Videocracy: For the Reality TV Junkies Who Think They've Seen Everything
Imagine if Rupert Murdoch could not only run for president of the United States, and not only win, but also govern his lowbrow media fiefdoms via an army of stooge-proxies while occupying the Oval Office. Transplant that cultural drama to Italy, and you've got the staggering Videocracy, director Erik Gandini's documentary about Silvio Berlusconi's three-decade climb from ribald quiz-show producer to Italian Prime Minister. Videocracy doesn't address that history so much as it maps Berlusconi's TV empire, a wasteland teeming with half-naked showgirls, would-be reality stars, and supported by a population in which the image is more than just king -- it is God.
"No one tells about Italian television in a better way than Italian television itself," Gandini told his audience this week at TIFF, where Videocracy amused, baffled and thoroughly baffled moviegoers during its North American premiere. "My idea was basically to enter inside this. It's a balanced view of what's happening in the country and what's happening there. It's much more a portrayal of a world that has been portraying itself too much. I wanted to take the liberty of portraying it my own way. It's something I hope other people will do, too.
"I don't like to be a passive observer, which is what everyone's supposed to be in Italy," Gandini continued. "You have to be happy, have fun -- 'fun' is like a mantra in Italy. And I wanted to show the back side of that with my images."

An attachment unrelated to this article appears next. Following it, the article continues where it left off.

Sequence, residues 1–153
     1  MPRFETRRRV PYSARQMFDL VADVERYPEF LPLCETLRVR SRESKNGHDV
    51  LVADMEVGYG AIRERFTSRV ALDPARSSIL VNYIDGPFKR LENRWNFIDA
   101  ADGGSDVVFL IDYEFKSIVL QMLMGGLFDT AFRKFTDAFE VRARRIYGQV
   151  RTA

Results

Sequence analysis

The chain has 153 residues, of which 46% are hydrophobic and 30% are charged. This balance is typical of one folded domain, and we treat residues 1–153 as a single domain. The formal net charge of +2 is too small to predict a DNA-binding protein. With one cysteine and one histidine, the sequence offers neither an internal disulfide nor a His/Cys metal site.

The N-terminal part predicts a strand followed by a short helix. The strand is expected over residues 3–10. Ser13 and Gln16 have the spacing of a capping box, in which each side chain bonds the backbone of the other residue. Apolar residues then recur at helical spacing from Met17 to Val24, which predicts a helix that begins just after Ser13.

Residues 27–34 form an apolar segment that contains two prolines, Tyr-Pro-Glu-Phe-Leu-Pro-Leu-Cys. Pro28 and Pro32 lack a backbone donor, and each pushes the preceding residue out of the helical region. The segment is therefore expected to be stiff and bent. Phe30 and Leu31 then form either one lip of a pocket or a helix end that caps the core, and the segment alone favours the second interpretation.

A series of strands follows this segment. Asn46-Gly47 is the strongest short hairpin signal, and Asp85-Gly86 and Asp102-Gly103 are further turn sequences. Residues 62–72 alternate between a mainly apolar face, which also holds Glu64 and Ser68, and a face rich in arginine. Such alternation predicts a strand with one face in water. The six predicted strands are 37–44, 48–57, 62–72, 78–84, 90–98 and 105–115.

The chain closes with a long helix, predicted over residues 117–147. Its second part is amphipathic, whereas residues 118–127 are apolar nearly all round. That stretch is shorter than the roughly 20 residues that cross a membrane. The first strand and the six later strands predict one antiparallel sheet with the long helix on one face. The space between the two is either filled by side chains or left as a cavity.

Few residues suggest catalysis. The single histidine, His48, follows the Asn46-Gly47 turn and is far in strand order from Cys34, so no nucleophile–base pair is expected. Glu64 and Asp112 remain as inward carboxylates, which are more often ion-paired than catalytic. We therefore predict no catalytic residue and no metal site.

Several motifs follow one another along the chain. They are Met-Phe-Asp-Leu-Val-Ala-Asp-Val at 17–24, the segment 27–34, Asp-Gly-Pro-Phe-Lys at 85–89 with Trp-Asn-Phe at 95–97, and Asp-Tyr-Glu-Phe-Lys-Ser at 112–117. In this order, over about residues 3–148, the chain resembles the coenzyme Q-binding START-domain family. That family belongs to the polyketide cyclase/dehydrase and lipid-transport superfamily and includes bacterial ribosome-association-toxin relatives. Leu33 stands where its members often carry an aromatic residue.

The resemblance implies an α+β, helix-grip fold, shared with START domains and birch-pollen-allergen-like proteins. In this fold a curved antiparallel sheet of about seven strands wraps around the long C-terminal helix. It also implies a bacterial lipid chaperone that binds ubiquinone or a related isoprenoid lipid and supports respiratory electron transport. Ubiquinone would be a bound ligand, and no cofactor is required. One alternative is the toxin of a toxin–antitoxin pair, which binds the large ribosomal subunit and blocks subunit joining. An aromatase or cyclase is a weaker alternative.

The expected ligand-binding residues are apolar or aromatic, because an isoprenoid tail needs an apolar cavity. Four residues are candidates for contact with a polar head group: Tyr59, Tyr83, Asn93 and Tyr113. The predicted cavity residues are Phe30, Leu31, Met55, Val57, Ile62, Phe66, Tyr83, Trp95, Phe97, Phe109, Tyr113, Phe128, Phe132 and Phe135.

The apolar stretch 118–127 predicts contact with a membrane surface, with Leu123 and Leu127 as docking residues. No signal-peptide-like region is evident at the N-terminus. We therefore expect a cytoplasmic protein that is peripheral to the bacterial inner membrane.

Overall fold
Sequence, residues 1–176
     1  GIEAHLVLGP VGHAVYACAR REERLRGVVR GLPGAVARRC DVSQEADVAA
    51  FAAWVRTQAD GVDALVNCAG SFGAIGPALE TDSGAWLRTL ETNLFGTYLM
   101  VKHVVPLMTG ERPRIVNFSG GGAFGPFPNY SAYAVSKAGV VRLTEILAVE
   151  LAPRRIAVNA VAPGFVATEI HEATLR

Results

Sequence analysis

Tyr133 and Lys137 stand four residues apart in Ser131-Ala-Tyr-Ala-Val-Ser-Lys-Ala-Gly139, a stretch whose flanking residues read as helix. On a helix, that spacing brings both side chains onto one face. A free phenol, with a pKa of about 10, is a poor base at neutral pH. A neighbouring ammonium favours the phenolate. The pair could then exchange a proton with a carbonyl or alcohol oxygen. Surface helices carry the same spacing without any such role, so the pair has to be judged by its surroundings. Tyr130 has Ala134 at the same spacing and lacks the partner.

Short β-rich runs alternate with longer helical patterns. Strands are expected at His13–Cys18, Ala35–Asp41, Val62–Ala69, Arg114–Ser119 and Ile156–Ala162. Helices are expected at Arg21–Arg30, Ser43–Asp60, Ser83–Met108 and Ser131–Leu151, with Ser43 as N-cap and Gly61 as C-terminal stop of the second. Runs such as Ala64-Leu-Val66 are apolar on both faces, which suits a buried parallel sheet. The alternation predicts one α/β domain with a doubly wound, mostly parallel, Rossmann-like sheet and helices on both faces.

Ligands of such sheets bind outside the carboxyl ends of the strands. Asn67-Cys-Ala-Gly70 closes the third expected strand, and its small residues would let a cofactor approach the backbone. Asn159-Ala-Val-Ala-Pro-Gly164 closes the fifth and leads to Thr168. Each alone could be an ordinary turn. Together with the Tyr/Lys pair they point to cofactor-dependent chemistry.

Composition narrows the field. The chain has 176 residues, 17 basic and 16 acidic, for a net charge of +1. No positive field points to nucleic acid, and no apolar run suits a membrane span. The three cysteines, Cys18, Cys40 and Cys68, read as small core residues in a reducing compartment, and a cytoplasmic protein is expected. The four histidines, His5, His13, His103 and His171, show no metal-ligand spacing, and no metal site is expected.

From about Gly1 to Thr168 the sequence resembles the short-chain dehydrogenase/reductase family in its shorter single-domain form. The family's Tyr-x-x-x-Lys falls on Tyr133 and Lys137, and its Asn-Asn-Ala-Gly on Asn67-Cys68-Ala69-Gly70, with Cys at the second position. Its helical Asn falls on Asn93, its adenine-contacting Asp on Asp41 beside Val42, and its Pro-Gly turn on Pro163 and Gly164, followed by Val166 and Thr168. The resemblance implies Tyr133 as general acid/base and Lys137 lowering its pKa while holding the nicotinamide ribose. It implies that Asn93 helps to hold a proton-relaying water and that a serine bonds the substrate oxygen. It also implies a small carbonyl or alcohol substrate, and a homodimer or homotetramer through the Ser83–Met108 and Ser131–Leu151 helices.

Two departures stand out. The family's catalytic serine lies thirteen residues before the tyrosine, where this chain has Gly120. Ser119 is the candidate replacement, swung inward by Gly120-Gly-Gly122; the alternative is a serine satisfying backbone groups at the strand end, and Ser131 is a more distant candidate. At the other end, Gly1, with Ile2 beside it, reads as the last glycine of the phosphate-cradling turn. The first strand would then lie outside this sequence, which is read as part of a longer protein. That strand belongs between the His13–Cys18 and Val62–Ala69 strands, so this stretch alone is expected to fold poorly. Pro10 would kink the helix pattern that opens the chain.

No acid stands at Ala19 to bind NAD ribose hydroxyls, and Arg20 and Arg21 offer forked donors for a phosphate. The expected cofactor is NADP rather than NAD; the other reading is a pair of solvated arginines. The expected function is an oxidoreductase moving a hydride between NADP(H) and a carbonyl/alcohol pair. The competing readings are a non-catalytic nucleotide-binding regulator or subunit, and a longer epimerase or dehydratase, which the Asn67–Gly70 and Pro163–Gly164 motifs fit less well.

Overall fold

Mission accomplished. Gandini opens with an introduction to Ricky, a young factory worker convinced that his blend of pop vocals and kung-fu are the key to his reality-TV breakthrough. ("Ricky Martin doesn't do martial arts, and Van Damme doesn't sing," he says, citing his chief influences.) Meanwhile he waits his turn in studio audiences and gripes about women's easier access to stardom. The TV showgirls (known as velines) are a cult of their own, comprising anonymous young starlets on whose flesh Berlusconi's media vision is largely built.
Gandini trips around from there, narrating in the deliberate style of Werner Herzog while blending that filmmaker's knack for character with Errol Morris's more formalist nonfiction touch. In lieu of talking heads, we get a vast white bedroom where candid superagent Lele Mora lurks in repose, or we tag along as scandal-hunting paparazzi-turned-TV star Fabrizio Corona hilariously deconstructs his role in Italy's fame hierarchy. He calls himself a revisionist Robin Hood ("I take from the rich guy, but I don't give to the people, I give to me"), when he really does little more than blackmail his subjects with photos they don't want released. In one case, Berlusconi buys back an "unflattering" picture of his daughter just so can run it in his own magazines.
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